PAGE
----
Finally, the APM states, “Ginnie Mae removes language in Chapter 24, Section A(2)(c) to allow the loan modification date to be used as the creation date for the compilation. According to Appendix III-07 to this guide, the loan creation date must be the bond date or the date on which the loan was created.[9] However, the only relevant reference in the class. 24 Part 2 § A(2)(c) remains in the MBS Handbook. It states: “The loan modification date may be used as the creation date for the purpose of compilation.” The text allows lenders to respect APM’s clear intent to use the date of the original notice, or the date on which the loan was created.

However, given that:

  1. The language of the APM states: “Adjusted loans are new loans and the modified terms are the basis on which the loans are pooled,” and
  2. The language of the MBS Guides states: “Modified loans are considered new loans and are judged according to the modified terms under which the loans were pooled;”

It is not clear whether the APM’s statement that “the date of creation of the loan shall be the date of the note, or the date of the creation of the loan” refers to a pre-adjustment or post-amendment date.

In APM 21-06 Ginnie Mae acknowledges the confusion that has existed about IRRRL loans representing refinancing of a modified loan. It amends MBS Guide definitions to support its position that Spice requires six payments and 210 days after the first repayment date of a rate loan in a secured pool.

APM is not clear whether the first payment date for the spice account will depend on the first payment mentioned in the amendment documents or the first payment date within the batch. We believe that Ginnie Mae is reviewing MBS evidence to substantiate its pre-existing policy and delay its effect until January 1, 2022. Accordingly, we assume that Ginnie Mae will continue to count spices from the first batch under the pool, although we’re not sure how Ginnie Mae expects that one Seasoned lenders or a third party will learn the first payment history under the pool prior to construction.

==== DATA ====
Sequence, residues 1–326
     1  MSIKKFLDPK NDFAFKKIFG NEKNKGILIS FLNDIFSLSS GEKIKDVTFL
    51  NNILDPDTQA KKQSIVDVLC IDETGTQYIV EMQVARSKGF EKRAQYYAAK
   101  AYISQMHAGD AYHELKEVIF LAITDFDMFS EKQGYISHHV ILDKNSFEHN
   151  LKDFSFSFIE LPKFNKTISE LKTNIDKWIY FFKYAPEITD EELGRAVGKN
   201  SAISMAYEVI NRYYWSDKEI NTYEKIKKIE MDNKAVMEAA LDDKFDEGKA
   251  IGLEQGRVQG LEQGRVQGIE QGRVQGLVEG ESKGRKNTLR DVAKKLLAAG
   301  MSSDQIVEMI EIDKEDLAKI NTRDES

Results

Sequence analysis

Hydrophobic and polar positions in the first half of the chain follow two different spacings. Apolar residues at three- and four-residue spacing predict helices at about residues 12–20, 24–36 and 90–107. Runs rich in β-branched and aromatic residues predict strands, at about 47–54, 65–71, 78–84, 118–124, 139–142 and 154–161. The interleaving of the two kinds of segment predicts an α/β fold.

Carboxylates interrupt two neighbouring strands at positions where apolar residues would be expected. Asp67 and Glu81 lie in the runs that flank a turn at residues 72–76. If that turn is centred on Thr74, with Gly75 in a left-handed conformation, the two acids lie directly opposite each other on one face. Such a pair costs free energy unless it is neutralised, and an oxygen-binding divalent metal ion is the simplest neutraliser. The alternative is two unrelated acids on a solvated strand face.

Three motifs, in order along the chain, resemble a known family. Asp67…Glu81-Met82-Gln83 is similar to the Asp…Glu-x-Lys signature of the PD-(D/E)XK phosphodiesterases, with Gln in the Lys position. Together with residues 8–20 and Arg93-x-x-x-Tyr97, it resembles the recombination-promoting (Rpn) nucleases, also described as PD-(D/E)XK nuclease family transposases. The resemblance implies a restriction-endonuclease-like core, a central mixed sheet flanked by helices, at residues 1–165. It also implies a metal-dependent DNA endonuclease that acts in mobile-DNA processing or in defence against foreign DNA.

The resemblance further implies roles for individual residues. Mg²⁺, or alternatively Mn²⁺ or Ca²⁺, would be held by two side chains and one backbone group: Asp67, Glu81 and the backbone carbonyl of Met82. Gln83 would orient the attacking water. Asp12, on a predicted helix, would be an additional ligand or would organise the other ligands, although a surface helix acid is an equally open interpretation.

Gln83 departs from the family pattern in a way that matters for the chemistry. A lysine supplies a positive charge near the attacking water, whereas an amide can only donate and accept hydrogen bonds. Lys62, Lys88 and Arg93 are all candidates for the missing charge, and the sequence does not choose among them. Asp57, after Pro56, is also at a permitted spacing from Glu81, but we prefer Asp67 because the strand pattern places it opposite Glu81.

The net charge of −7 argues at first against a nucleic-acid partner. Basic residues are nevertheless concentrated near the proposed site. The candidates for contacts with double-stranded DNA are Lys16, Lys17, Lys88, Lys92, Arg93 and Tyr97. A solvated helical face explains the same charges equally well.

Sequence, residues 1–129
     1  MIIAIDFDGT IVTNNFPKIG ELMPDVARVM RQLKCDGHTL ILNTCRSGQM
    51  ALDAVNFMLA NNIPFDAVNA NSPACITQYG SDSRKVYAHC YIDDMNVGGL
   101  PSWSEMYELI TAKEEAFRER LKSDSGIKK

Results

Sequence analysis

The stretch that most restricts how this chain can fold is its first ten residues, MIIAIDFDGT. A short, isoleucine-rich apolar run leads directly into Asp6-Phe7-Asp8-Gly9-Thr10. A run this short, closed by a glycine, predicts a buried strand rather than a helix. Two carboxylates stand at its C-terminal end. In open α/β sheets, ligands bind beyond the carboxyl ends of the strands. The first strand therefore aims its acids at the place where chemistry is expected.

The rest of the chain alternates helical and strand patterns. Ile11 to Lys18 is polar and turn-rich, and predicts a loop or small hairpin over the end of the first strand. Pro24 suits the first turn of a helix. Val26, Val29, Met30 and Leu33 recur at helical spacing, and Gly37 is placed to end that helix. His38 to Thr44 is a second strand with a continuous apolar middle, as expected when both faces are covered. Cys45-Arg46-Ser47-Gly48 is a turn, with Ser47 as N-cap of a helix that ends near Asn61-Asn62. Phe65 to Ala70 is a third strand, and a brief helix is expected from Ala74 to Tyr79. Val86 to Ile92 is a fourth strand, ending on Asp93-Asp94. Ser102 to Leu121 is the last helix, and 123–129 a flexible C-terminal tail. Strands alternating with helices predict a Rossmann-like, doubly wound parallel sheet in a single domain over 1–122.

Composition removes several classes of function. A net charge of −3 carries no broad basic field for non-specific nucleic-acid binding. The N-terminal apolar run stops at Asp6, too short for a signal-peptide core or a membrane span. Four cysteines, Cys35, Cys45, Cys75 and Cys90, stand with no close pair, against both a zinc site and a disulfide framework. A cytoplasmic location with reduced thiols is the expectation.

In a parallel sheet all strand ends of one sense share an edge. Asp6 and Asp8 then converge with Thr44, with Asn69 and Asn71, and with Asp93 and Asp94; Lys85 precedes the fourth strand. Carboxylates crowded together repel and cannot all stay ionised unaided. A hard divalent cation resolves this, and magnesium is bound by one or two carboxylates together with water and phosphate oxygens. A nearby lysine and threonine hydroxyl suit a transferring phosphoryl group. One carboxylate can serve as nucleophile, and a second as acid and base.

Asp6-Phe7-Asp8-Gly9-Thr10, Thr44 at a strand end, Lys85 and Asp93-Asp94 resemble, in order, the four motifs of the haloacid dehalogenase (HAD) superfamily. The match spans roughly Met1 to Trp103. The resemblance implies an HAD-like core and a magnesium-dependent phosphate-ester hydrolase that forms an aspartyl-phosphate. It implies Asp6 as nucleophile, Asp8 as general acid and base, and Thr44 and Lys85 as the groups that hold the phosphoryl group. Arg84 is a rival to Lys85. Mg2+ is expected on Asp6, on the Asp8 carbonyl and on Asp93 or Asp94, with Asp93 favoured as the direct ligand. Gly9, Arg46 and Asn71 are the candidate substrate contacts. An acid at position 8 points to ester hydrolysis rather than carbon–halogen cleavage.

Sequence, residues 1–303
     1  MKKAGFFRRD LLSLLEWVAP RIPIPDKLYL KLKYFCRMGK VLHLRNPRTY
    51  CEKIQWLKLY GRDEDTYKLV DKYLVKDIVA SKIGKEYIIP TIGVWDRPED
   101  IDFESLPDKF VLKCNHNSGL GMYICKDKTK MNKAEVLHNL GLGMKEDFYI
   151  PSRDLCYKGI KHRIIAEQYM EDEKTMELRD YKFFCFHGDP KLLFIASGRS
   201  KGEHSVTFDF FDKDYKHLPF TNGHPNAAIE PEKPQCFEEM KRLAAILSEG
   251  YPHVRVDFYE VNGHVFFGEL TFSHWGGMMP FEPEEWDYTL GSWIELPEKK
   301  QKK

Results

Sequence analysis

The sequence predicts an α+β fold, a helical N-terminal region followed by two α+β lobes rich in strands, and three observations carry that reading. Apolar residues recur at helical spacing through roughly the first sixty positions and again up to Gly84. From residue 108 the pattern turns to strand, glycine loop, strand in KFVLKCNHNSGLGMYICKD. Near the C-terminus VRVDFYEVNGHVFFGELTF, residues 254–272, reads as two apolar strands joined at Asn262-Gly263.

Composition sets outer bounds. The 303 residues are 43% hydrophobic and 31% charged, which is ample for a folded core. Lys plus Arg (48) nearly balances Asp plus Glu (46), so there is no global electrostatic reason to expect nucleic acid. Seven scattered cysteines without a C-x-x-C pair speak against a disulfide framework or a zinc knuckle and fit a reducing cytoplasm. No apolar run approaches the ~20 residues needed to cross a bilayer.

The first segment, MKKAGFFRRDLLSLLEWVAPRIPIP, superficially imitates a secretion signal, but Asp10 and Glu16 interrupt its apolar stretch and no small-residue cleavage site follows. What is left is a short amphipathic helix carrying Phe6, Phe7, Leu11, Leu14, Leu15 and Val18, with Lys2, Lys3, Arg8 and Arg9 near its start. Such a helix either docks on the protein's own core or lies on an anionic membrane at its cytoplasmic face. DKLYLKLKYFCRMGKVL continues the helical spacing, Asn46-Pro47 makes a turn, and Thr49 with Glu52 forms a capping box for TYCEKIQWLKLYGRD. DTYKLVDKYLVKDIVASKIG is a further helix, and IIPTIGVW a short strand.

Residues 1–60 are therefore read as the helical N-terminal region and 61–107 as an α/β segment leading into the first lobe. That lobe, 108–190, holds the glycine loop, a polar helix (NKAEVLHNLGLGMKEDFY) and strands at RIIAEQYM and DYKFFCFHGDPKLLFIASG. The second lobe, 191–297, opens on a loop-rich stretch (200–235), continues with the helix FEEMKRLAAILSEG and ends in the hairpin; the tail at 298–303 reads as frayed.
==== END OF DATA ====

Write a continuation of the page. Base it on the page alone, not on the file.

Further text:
Lenders must re-examine and implement any revised underwriting standards and operating practices no later than January 1, 2022. Thereafter, quality control must ensure issuers have made six consecutive monthly payments on the principal loan and that 210 days have elapsed between the first payment and the date of creation or note date The new IRRRL. We recommend a conservative approach that is measured from the first date under the pool until the date of creation or the date of observation whichever comes first. In the event of an error resulting in an imminent error, the VA’s guidelines may be more lenient allowing the loan to remain secured by the VA, while ineligible for pooling in Ginnie Mae’s financial papers.


[1] 38 USC § 3709(c)(2); MBS Chapter Handbook. 24, Part 2, § A(3)(d)(2).

[2] This article is not exhaustive of the contents of APM 21-06 and should not replace your own reading of the APM and changes to the MBS Handbook.

[3] MBS Chapter Handbook. 24, Part 2, § A(2).

[4] MBS Chapter Handbook. 24, Part 2, § A(3)(d)(3).

[5] These exceptions include: non-mortgage debt refinancing loans, mortgage refinancing loans without scheduled monthly payments, and construction loans for permanent financing. MBS Chapter Handbook. 24, Part 2, § A(3)(d) (VII) – (IX).

[6] Where (d) (i) in effect for MBSs secured between June 1, 2018 and July 31, 2019, and (d) (ii) in effect on MBSs secured on or after August 1, 2019. MBS Guide Ch. 24, Part 2, § A(3)(d) (1)-(2), (6).

[7] MBS Chapter Handbook. 24, Part 2, § A(2).